After complaints from Mrs Marcos’s lawyers, a judge yesterday issued a 20-day restraining order on the documentary, Imelda, which had been due for an advance media screening yesterday and general release on 7 July.
"This is a good omen," an aide quoted Mrs Marcos as saying.
The judge, who said the complaint had enough merit to halt the film for now, ordered Mrs Marcos to post a 100,000 peso (980) bond to stop the release of the film while the court deliberated whether to ban it.
"We will abide by the court order," said Fely Arroyo, a lawyer for the film-distribution company. "We will study our options."
The film has won good reviews and the best cinematography award at the Sundance Film festival in the United States this year, but it upset the 74-year-old widow by hinting that Imelda and Ferdinand Marcos amassed illegal wealth during his iron-fisted rule. She said last week that she had thrown a disk of the film into a bin after watching it, complaining that the makers had betrayed her trust by pretending to be working on a university project.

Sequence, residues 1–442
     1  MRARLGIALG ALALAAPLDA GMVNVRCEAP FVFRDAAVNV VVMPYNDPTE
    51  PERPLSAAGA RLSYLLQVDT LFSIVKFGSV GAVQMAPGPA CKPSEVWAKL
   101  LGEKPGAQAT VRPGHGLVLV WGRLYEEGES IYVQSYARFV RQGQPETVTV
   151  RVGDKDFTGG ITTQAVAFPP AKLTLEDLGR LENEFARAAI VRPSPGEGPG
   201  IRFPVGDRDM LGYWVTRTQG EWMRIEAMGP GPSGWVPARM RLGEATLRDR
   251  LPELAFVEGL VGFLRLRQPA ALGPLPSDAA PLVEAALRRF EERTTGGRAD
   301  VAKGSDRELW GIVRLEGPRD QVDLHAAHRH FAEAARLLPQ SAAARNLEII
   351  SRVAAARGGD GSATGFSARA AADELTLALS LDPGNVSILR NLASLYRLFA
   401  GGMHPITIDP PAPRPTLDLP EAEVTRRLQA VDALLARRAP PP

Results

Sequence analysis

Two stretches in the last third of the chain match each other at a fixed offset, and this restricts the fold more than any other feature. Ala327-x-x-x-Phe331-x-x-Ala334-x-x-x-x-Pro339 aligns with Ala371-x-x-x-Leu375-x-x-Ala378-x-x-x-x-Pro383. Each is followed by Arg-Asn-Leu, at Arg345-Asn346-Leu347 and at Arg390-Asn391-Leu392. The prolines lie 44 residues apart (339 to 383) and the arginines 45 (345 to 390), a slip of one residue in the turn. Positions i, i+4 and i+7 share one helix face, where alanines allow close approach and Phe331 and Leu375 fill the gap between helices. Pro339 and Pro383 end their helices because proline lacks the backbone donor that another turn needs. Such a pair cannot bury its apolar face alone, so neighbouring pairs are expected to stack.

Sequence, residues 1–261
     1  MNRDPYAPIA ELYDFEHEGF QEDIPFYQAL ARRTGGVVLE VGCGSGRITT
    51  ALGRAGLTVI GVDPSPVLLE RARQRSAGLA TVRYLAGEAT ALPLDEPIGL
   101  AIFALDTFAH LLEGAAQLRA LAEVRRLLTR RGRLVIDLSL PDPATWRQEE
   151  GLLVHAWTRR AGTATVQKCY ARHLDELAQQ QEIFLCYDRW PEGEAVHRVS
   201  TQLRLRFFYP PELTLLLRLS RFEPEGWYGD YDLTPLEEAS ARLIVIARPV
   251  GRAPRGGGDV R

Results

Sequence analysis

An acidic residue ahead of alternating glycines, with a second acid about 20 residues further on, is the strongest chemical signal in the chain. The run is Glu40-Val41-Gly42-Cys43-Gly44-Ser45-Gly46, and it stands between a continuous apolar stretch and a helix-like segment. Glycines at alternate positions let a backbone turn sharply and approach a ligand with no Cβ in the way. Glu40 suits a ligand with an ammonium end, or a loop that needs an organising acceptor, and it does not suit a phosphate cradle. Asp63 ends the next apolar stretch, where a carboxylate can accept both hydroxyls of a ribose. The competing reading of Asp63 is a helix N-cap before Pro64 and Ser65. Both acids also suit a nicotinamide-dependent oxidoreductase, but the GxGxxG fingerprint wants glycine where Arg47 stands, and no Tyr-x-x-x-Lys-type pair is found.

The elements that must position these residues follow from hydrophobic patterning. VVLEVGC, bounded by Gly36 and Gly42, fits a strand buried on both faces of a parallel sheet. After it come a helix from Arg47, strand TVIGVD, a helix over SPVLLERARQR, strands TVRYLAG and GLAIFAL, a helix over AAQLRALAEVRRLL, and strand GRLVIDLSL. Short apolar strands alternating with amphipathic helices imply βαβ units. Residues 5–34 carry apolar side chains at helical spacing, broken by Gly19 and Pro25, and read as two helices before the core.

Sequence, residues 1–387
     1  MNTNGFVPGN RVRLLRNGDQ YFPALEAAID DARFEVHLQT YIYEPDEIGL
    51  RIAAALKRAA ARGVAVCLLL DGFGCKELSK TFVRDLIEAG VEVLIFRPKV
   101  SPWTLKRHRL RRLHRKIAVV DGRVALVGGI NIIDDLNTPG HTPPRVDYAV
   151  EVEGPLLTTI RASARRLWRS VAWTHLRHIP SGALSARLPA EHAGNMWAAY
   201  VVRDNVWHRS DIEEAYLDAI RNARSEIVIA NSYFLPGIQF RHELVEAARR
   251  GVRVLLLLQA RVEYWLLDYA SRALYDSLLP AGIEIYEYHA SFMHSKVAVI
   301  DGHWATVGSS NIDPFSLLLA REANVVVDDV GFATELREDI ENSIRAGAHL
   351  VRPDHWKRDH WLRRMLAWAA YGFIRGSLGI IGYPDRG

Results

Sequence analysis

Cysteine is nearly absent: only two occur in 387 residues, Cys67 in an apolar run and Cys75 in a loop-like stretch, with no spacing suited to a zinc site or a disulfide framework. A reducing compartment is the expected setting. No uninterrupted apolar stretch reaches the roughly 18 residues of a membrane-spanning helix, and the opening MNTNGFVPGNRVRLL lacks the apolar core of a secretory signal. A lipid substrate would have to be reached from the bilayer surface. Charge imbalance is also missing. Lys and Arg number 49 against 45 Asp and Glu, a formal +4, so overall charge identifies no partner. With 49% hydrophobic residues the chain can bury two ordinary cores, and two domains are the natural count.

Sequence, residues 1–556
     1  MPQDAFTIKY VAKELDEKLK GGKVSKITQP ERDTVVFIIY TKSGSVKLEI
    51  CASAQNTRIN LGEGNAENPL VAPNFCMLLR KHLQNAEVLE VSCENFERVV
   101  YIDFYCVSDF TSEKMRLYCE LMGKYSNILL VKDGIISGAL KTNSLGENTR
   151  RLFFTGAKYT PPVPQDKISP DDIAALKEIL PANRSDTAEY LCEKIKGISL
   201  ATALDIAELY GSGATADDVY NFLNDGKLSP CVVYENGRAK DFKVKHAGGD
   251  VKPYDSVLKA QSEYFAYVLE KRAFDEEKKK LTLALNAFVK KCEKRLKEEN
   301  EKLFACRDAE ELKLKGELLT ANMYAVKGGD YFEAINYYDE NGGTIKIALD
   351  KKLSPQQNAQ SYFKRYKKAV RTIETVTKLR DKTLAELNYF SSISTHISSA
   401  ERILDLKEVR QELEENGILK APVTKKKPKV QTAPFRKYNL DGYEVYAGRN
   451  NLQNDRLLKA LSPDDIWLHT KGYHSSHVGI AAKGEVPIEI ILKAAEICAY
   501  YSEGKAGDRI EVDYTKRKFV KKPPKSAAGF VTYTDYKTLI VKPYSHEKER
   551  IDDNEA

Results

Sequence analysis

In her petition, Mrs Marcos, who has never been convicted despite facing dozens of criminal charges and civilian lawsuits, argued that the film would cause her "extreme and irreparable injury and injustice" and violate her right to privacy.